Threats from jihadist and criminal groups Embroiled in bloody conflict since 2013, most of the Central African Republic remains occupied by armed militia groups, with numerous rebel splinter groups targeting Christians specifically. Over the last year, fighting and attacks have intensified, forcing an increase in the displacement of tens of thousands of people from their homes—the highest numbers since 2014. Christian leaders who publicly denounce the violence endure threats on their lives. How Christians are suffering In Central African Republic, discuss their faith with anyone other than immediate family members is a risky undertaking. The country is divided along faith lines. If a Christian host talks about Christian faith to a Muslim guest, they may get into trouble. In the country’s northern region, it’s also dangerous to have Christian materials, as well as access to Christian radio, TV or Christian material online. Family members act as spies and report when a Muslim has converted. When ex-Séléka fighters come into a house and find someone reading a Bible, they have been known to kill them immediately. Normal church life is extremely difficult as meetings of Christians are always under threat of attack, Séléka groups attack churches in the Muslim-dominated areas of the country and especially target churches that are more involved in openly integrating converts from the Muslim community. Anti-Balaka rebel groups also attack churches and any Christians who oppose their activities. Both rebel groups are involved in criminal activities. And Islamic leaders occupy all of the marketplaces, control trade and impose a huge tax on Christian businessmen and even loot the shops of Christians to reduce them to poverty. This displacement of thousands of Christians has resulted in overcrowded IDP camps full of traumatized people. In many of those circumstances, they were attacked because they are Christians. Examples On November 15, 2018 ,a militia attacked the Catholic cathedral in Alindao and destroyed a neighboring IDP camp. The militia set the cathedral on fire and two Catholic clerics, Bishop Blaise Mada, and Father Celestin Ngoumbango, were killed along with more than 40 worshipers. Pastor Zoundji cares for an evangelical congregation of about 200 in the country’s largest IDP camp. The camp houses around 30,000 people, mostly Christians. Christians must put up with the hardship of the camp because there is near-anarchy in the surrounding wilderness filled with rebel groups. “We find ourselves between the devil and the deep blue sea,” Zoundji tells Open Doors workers. “It has been very difficult, but we are here. We will move forward, knowing that only God can protect us. And even if death should come, I will die in the Word.” Population and number of Christian statistics: Johnson T M and Zurlo G A, eds., World Christian Database (Leiden/Boston: Brill, accessed April 2019).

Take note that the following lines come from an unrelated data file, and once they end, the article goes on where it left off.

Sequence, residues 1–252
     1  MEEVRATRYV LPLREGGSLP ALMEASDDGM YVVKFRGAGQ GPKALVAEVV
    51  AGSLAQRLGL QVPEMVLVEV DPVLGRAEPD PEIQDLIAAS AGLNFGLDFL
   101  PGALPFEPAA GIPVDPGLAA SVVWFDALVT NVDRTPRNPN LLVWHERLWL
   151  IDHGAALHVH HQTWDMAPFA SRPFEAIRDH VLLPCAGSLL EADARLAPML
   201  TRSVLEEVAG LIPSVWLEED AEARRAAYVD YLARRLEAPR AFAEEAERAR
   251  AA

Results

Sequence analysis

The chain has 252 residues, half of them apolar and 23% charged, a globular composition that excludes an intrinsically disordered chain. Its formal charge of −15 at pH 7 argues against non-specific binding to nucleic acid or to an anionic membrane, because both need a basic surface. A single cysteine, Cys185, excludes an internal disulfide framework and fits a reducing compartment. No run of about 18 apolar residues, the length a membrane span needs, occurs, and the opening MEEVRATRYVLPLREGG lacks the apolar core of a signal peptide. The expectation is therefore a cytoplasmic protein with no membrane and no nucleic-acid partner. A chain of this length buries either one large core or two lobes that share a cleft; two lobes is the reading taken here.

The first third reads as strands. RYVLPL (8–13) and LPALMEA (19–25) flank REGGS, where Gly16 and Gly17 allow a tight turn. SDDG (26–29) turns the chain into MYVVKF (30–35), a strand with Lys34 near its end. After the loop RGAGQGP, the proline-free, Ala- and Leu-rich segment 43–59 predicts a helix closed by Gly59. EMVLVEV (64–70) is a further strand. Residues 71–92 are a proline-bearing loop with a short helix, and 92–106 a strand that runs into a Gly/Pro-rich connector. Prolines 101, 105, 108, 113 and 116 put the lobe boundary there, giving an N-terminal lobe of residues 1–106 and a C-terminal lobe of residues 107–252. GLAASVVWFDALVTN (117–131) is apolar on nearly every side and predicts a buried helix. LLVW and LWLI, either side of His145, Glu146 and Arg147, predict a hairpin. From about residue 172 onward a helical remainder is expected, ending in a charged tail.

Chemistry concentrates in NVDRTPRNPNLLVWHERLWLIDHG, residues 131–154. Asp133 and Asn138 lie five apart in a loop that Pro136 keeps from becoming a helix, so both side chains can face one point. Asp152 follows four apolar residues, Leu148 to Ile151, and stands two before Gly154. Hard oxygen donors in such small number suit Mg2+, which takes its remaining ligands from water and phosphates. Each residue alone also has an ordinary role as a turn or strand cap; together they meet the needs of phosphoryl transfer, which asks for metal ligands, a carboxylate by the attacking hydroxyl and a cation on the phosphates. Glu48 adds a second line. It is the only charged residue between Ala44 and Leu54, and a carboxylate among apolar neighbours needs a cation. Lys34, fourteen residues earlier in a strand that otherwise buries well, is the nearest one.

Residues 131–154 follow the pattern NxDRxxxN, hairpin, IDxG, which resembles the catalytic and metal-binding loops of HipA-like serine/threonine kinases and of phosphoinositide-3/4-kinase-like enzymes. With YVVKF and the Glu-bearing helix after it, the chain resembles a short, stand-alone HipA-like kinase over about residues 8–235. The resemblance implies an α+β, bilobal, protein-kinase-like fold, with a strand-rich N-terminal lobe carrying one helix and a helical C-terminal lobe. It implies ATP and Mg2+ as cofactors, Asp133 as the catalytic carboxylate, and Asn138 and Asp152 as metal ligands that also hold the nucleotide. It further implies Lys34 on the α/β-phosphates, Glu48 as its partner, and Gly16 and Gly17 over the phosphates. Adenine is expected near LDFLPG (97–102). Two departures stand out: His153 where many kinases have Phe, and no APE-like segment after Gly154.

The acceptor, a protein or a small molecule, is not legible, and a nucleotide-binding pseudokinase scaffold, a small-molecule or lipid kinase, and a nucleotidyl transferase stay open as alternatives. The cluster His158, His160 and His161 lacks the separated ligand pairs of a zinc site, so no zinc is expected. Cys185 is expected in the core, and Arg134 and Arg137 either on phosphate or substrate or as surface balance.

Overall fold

Pray for Central African Republic
Pray for the thousands of people, the majority of them Christians, living in IDP camps because security has not been restored. Pray that the Lord would be at work through his Holy Spirit and that these circumstances would be catalysts to a deeper, more intimate knowledge of Christ.
Pray for wisdom and integrity for the government as it seeks to restore government authority and make a way for peace.
Morale of church leaders in the north and east is very low. They have lost all their study material and find it hard to prepare for sermons. Pray they are sufficiently resourced with books. Pray that they will also be built up in the Spirit and will be able to comfort others.
Pray for the work of Open Doors in the country. Pray for continued protection and wisdom as we seek to alleviate the suffering of our brothers and sisters.
Central African Republic Photo Gallery
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